PARIS (Reuters) - Former prime minister Alain Juppe on Friday threw his support behind Francois Fillon’s French presidential bid, hoping to heal party divisions days after he sharply criticized the conservative candidate in a speech.
Juppe, who was defeated by Fillon in the center-right primaries in November, had been seen by many conservatives as a potential ‘plan B’ after Fillon became embroiled in a scandal over his wife’s pay.
On Monday he ruled out taking Fillon’s place and a rebellion that was forming behind him fizzled out.
“Even if just a passenger, I’m not jumping ship during the storm,” Juppe tweeted on Friday.
The move could help The Republicans come from behind in opinion polls by encouraging Juppe’s more centrist supporters to stick with the party rather than switch to the favorite, independent Emmanuel Macron.
Fillon now has a fine campaign line to tread because victory also depends on attracting voters away from the other leading candidate, Marine Le Pen, the far-right National Front leader.
Only two top candidates from a first round vote on April 23 will contest the second round on May 7. Opinion polls show Fillon coming third in the first round and Macron going on to become president.
Two polls on Friday showed Macron and Le Pen level in the first round vote with Fillon lagging well behind in third.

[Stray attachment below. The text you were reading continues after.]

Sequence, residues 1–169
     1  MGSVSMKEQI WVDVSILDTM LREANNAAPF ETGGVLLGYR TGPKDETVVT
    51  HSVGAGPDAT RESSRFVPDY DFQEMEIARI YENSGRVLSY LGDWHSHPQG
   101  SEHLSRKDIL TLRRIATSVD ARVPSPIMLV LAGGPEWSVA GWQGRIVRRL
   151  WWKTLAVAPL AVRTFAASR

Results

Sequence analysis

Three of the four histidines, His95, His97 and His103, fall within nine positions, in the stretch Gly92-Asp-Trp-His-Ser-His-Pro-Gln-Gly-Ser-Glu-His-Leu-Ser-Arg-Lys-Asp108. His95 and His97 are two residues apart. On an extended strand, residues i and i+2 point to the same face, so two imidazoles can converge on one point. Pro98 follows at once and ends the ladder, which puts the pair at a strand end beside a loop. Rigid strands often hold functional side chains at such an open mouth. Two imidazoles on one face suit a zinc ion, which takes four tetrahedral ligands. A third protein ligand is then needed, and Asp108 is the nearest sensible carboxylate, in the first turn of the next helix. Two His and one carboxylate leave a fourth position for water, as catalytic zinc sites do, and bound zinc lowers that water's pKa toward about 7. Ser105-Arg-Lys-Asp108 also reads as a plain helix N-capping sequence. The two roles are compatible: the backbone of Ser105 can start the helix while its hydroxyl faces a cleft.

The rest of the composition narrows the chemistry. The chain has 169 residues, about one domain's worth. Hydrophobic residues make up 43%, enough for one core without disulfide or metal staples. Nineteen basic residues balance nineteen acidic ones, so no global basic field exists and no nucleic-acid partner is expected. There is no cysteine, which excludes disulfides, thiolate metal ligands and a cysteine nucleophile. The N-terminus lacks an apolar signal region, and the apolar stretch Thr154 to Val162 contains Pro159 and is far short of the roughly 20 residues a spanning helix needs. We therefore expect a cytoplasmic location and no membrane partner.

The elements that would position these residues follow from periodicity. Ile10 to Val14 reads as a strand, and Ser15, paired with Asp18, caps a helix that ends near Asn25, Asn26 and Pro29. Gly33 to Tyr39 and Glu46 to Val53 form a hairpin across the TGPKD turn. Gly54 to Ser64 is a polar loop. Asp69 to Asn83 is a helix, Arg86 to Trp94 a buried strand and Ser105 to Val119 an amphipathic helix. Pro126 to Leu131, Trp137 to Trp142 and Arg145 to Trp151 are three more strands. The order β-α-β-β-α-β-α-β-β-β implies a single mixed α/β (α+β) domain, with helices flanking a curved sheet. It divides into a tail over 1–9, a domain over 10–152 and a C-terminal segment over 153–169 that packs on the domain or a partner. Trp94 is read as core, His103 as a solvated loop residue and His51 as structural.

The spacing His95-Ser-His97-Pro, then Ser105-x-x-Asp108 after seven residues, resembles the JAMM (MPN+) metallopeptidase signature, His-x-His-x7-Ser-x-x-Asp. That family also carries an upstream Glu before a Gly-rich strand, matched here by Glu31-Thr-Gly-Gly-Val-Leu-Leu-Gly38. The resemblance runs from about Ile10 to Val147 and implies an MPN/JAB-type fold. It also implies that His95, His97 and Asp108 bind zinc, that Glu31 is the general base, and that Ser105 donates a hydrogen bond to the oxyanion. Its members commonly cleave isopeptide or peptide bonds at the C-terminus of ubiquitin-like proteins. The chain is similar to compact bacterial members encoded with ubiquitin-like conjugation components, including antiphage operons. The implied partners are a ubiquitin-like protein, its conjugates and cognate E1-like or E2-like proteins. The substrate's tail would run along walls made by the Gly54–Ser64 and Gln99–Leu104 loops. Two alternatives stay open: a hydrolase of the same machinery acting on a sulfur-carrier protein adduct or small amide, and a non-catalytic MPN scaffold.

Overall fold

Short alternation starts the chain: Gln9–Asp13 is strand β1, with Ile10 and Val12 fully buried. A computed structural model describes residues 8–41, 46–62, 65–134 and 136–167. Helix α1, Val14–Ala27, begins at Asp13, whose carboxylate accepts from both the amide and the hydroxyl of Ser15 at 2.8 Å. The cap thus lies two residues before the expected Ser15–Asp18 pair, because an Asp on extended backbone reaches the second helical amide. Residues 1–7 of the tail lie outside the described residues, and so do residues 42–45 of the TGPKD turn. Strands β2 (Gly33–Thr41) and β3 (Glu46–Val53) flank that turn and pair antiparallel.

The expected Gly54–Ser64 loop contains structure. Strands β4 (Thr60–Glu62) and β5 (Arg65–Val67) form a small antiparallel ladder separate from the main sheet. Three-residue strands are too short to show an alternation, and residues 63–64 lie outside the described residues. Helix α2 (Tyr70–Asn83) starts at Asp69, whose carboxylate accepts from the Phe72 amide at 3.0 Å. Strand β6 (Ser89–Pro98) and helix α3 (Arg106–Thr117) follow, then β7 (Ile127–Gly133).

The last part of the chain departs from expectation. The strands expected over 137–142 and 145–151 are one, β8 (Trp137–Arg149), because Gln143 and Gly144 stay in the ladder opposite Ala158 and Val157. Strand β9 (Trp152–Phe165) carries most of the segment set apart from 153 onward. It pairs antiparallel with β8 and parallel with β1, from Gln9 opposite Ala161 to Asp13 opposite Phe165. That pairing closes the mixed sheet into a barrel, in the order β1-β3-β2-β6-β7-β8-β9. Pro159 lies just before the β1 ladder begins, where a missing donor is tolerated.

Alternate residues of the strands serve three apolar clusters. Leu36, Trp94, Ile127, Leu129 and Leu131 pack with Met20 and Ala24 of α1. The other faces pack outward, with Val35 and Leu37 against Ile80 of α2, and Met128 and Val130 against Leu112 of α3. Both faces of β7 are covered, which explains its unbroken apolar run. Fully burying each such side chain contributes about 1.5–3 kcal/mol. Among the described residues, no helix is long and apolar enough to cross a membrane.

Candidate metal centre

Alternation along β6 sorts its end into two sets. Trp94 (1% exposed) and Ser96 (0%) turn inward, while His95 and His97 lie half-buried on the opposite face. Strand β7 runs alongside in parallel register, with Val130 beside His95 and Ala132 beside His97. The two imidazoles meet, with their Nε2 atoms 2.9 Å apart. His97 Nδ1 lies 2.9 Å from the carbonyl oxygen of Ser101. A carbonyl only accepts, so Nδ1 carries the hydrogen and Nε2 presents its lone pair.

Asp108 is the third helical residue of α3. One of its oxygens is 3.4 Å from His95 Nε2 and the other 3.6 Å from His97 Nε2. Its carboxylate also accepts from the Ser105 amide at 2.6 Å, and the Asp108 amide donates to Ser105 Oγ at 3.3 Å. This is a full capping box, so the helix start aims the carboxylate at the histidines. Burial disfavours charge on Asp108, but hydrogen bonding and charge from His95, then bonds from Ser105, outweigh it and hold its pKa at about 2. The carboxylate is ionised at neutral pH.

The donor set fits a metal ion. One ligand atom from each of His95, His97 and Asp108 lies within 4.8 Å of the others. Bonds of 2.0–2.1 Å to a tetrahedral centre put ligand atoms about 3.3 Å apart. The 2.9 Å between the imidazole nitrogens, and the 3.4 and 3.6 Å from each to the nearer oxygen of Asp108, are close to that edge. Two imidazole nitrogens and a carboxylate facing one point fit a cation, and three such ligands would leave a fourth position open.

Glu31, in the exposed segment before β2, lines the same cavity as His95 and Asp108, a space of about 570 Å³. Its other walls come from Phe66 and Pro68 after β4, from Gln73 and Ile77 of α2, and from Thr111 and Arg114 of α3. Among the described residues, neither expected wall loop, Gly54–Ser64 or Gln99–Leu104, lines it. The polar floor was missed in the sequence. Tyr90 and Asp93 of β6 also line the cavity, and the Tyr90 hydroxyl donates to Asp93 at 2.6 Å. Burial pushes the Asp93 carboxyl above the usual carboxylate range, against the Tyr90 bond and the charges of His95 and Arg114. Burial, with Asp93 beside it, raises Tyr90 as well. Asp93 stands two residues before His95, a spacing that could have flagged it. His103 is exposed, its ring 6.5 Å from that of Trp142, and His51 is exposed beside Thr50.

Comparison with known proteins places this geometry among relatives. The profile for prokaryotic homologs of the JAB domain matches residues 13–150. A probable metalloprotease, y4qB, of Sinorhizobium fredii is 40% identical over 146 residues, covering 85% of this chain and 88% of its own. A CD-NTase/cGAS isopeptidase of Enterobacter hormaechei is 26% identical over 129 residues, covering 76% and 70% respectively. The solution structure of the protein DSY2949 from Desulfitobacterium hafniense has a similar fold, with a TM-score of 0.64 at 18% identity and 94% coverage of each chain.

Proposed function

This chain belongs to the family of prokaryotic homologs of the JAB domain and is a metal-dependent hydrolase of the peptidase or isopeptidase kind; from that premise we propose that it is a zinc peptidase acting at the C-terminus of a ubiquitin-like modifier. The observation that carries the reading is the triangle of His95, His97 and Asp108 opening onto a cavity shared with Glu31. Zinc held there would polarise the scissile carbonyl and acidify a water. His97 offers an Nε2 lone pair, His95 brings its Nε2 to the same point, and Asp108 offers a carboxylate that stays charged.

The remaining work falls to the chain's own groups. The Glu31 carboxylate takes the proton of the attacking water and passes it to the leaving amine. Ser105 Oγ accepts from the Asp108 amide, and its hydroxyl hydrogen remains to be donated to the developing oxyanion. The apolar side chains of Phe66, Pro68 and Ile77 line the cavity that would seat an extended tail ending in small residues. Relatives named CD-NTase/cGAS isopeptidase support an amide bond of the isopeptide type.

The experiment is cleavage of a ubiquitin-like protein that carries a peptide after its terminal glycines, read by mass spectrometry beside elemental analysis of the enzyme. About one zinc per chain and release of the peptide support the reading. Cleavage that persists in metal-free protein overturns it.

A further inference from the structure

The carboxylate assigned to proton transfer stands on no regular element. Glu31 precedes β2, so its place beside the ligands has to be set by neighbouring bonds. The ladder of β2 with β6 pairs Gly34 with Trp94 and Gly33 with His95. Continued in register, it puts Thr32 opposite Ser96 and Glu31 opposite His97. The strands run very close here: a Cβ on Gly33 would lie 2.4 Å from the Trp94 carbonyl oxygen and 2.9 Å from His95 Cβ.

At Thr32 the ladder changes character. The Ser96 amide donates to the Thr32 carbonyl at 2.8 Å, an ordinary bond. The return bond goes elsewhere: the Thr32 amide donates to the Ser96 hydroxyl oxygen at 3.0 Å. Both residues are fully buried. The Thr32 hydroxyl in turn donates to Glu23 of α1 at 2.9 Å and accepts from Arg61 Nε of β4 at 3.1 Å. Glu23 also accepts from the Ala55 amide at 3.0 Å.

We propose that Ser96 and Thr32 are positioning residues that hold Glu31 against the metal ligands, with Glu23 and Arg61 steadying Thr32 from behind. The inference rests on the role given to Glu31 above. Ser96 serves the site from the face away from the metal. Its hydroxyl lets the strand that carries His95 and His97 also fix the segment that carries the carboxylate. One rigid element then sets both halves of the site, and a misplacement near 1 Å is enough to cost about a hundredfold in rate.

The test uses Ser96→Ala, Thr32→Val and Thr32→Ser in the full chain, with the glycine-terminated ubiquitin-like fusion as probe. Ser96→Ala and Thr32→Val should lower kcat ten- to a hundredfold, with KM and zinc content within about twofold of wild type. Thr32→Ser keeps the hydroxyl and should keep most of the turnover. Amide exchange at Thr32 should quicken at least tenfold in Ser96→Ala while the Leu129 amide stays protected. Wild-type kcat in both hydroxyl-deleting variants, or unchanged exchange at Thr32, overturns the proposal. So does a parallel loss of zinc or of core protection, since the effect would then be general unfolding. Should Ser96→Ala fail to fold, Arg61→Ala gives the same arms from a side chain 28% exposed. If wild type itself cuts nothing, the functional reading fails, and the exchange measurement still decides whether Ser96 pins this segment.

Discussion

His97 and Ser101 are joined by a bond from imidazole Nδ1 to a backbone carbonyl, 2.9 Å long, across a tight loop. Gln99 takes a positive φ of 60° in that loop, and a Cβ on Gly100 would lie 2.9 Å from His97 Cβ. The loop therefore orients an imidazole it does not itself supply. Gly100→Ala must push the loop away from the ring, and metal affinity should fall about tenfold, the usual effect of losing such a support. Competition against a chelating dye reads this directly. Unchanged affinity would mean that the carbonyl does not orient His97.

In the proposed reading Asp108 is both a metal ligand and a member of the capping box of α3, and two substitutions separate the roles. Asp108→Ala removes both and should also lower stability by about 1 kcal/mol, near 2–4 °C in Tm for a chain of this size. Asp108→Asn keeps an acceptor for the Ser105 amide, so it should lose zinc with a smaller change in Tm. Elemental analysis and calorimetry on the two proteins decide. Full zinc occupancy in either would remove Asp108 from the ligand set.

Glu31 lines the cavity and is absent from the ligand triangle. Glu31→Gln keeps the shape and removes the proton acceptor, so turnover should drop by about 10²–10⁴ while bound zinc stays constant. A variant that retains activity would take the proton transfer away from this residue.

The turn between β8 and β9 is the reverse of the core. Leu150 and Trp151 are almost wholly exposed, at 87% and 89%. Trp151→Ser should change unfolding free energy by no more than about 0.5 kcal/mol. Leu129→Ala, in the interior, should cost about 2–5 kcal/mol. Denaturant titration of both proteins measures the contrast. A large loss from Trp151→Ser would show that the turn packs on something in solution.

In his speech on Monday renouncing the chance to run, Juppe, the 71-year-old mayor of Bordeaux, had harsh words for Fillon, who expects to be placed under formal investigation over payments to his wife when he sees investigating magistrates on March 15.
Juppe accused Fillon of wasting the strong lead his party was enjoying before the scandal broke, called him obstinate, and expressed disquiet at his attacks on the media and judiciary investigating the case.
Polls have shown that some of those who backed Juppe are reluctant to support Fillon, offering an opportunity for Macron.
He has already this week won support from a former Communist party head, the previous Socialist mayor of Paris, a right-wing former minister, and is in talks with the popular outgoing Defence Minister Jean-Yves Le Drian.
Macron was campaigning on Thursday and Friday in Juppe’s territory in Bordeaux, where he hailed Juppe as “a great leader” and dismissed left-wing and right-wing politicians for trying to place him in either camp.
“We have to build a majority for this project. Don’t believe that the candidate of the left which is tearing itself apart can achieve it, but don’t believe that the National Front candidate can build a real majority,” Macron told a campaign rally.
“And don’t think either that the sad candidate of the right that is uniting reactionaries and opportunists can build anything.”
Macron, who was previously economy minister under Socialist President Francois Hollande, has faced blistering criticism since Thursday from Socialist candidate Benoit Hamon.
Currently lying in a distant fourth place, Hamon said Macron was “immature” and labeled his program dangerous for the country.
“I don’t think he will be ready to tackle the challenge of being the head of state, which means facing the European question, Mr Trump, Mr Putin and especially facing his own people,” Hamon told France 2 television.
Editing by John Irish and Robin Pomeroy